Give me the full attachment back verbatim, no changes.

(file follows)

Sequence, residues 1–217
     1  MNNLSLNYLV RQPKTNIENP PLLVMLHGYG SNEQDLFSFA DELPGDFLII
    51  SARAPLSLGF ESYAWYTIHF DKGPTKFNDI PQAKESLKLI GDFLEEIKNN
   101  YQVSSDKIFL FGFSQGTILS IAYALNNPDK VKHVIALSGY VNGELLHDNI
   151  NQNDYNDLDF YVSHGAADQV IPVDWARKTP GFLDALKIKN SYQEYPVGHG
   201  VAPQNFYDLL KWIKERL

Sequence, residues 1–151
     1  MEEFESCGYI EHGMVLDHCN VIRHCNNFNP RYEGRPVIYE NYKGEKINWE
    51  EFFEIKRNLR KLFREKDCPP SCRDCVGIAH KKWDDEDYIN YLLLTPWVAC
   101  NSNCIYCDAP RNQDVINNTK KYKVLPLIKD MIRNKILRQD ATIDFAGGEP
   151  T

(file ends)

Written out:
Sequence, residues 1–217
     1  MNNLSLNYLV RQPKTNIENP PLLVMLHGYG SNEQDLFSFA DELPGDFLII
    51  SARAPLSLGF ESYAWYTIHF DKGPTKFNDI PQAKESLKLI GDFLEEIKNN
   101  YQVSSDKIFL FGFSQGTILS IAYALNNPDK VKHVIALSGY VNGELLHDNI
   151  NQNDYNDLDF YVSHGAADQV IPVDWARKTP GFLDALKIKN SYQEYPVGHG
   201  VAPQNFYDLL KWIKERL

Sequence, residues 1–151
     1  MEEFESCGYI EHGMVLDHCN VIRHCNNFNP RYEGRPVIYE NYKGEKINWE
    51  EFFEIKRNLR KLFREKDCPP SCRDCVGIAH KKWDDEDYIN YLLLTPWVAC
   101  NSNCIYCDAP RNQDVINNTK KYKVLPLIKD MIRNKILRQD ATIDFAGGEP
   151  T